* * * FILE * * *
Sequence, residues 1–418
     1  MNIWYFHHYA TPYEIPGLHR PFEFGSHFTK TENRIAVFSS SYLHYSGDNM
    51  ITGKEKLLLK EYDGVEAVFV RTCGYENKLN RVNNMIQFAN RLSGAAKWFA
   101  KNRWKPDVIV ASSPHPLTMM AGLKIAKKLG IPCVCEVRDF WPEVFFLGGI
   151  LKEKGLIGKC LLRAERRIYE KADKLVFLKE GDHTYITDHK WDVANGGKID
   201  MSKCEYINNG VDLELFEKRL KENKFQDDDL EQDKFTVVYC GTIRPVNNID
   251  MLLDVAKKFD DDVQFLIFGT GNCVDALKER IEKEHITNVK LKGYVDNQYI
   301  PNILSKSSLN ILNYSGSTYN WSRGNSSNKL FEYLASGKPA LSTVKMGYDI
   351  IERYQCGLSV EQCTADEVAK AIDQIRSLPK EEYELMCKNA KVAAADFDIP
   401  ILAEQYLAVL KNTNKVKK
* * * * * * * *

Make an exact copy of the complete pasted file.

Sequence, residues 1–418
     1  MNIWYFHHYA TPYEIPGLHR PFEFGSHFTK TENRIAVFSS SYLHYSGDNM
    51  ITGKEKLLLK EYDGVEAVFV RTCGYENKLN RVNNMIQFAN RLSGAAKWFA
   101  KNRWKPDVIV ASSPHPLTMM AGLKIAKKLG IPCVCEVRDF WPEVFFLGGI
   151  LKEKGLIGKC LLRAERRIYE KADKLVFLKE GDHTYITDHK WDVANGGKID
   201  MSKCEYINNG VDLELFEKRL KENKFQDDDL EQDKFTVVYC GTIRPVNNID
   251  MLLDVAKKFD DDVQFLIFGT GNCVDALKER IEKEHITNVK LKGYVDNQYI
   301  PNILSKSSLN ILNYSGSTYN WSRGNSSNKL FEYLASGKPA LSTVKMGYDI
   351  IERYQCGLSV EQCTADEVAK AIDQIRSLPK EEYELMCKNA KVAAADFDIP
   401  ILAEQYLAVL KNTNKVKK